The woman peered intently through the glass at each sparkling rock and finally commented, “This exhibit is as good as the one in Houston.”
She was among the crowd attending a gala event at the Permian Basin Petroleum Museum in late November to celebrate the opening of the Judson Mineral Gallery. The 90 mineral specimens that are part of the Edward H. Judson Memorial Mineral Collection not only surprised the museum supporters that night—they are astounding visitors every day.
If rocks could talk, these specimens would have volumes to tell. Coming from locations around the world, they have passed through many hands before arriving in Midland.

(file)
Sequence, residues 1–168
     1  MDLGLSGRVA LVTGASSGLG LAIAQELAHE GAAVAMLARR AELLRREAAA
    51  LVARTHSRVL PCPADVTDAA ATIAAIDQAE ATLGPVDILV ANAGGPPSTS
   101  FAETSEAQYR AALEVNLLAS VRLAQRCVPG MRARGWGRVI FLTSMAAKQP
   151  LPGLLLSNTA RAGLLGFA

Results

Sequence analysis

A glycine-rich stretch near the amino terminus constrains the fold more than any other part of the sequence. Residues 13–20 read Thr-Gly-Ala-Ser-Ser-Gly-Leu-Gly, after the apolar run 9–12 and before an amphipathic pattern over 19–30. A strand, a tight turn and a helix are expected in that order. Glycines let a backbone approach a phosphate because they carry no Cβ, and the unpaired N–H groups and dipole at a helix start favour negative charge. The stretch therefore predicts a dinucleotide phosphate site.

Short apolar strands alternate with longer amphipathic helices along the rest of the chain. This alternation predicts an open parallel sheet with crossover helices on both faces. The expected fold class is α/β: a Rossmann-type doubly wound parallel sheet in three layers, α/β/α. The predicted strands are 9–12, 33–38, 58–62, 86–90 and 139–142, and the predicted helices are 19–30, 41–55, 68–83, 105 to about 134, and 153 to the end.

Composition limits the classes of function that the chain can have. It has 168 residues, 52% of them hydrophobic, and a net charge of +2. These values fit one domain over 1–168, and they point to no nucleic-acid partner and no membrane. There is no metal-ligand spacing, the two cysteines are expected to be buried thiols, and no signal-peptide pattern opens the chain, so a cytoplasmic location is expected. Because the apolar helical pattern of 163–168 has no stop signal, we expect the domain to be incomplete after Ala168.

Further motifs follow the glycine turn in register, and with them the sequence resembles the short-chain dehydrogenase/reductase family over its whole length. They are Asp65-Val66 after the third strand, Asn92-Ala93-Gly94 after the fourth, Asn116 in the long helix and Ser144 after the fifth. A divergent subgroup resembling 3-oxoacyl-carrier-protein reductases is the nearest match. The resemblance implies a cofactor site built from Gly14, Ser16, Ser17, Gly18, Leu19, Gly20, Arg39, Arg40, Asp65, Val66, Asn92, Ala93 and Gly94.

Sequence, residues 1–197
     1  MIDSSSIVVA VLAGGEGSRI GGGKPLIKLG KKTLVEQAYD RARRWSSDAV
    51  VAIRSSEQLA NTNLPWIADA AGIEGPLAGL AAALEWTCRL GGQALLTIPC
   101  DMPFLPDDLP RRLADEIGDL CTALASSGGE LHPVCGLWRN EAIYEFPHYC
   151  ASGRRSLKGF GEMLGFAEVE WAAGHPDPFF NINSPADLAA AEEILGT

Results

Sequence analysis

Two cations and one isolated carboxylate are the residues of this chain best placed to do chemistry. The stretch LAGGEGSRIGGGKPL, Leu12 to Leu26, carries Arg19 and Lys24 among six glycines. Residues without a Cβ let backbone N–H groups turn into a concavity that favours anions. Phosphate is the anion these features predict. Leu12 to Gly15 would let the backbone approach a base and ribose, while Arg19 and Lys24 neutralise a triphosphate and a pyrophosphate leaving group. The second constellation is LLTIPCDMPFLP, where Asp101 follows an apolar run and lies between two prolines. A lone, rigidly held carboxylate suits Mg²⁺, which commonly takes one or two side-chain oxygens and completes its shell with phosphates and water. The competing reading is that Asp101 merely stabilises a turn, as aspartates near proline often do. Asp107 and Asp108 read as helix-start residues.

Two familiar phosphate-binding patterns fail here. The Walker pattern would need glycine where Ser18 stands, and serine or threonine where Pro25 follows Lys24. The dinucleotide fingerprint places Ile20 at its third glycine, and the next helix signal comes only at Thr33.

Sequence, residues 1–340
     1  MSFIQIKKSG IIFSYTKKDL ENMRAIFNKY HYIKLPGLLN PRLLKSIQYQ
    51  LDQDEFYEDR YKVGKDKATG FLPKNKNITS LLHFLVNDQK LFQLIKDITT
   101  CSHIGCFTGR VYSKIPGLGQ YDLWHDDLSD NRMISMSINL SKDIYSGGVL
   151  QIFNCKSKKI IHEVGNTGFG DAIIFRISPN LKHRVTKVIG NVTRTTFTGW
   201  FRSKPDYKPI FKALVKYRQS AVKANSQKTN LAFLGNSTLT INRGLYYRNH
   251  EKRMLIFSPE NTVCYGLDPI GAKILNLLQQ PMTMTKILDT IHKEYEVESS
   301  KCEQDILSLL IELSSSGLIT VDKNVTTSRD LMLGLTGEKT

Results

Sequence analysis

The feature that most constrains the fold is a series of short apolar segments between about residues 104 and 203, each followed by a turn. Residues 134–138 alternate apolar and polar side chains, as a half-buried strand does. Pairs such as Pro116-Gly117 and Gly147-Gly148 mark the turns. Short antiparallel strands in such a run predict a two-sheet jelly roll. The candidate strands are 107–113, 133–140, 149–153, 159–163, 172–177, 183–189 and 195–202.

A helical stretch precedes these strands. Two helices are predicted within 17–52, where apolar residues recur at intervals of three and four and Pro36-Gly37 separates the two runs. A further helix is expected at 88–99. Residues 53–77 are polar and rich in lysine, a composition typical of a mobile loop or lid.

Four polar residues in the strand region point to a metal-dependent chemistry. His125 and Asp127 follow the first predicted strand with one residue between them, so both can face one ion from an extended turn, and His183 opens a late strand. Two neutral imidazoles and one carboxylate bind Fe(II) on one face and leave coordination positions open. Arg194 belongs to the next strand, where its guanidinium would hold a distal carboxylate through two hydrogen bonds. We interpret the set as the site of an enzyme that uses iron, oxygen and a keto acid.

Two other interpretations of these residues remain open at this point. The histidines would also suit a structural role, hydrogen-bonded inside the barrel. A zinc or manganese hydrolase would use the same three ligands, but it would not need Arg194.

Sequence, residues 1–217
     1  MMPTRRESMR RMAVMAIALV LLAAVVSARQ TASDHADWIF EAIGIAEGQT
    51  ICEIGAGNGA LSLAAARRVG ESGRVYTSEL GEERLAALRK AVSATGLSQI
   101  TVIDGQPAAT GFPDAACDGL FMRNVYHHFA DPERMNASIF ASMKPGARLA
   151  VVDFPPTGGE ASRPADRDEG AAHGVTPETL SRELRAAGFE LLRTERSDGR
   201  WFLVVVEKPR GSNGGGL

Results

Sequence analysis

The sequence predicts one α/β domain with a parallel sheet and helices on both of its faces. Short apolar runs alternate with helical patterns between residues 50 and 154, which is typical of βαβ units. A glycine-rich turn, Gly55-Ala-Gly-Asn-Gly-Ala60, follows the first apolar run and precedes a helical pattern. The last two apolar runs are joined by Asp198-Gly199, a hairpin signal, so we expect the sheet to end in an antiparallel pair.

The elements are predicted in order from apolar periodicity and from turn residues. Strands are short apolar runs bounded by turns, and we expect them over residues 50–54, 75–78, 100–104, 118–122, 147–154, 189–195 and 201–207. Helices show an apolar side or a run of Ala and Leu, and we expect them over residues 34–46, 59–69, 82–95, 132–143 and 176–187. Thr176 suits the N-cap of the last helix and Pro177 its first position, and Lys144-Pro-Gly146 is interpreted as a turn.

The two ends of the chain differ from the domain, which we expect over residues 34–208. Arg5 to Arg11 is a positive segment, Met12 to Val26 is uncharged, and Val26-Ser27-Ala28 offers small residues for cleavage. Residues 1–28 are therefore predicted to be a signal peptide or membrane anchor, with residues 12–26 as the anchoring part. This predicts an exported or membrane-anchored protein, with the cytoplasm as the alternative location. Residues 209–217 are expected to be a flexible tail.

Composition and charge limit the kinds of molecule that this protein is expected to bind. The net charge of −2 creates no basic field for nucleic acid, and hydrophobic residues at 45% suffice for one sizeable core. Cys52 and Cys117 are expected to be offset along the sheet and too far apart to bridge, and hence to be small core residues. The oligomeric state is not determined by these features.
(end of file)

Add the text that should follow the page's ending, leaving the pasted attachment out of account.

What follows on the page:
Some of the minerals first appeared at the Petroleum Museum a few years ago when their owner, Don Judson, allowed them to be part of the Gem and Mineral Society’s Exhibit. “The Museum worked with the Gem and Mineral Society to host an exhibit a few years back,” said Executive Director Kathy Shannon. “Don asked about adding some big pieces to the exhibit and we said ‘yes.’”
Then came a series of incidents that melded into the opening of the Judson Mineral Gallery with the mineral collection to honor Don’s late father, Edward H. Judson.
Edward graduated from the University of Oklahoma with a degree in petroleum engineering and went to work for Shell Oil Co. In the early 1950s, Judson joined a couple of oil operators to form Martin, Williams, and Judson in Midland. The firm continued until the late 1990s. Edward passed away in 2008.
During his life, Edward “had done some collecting of minerals,” said his daughter, Judy Judson.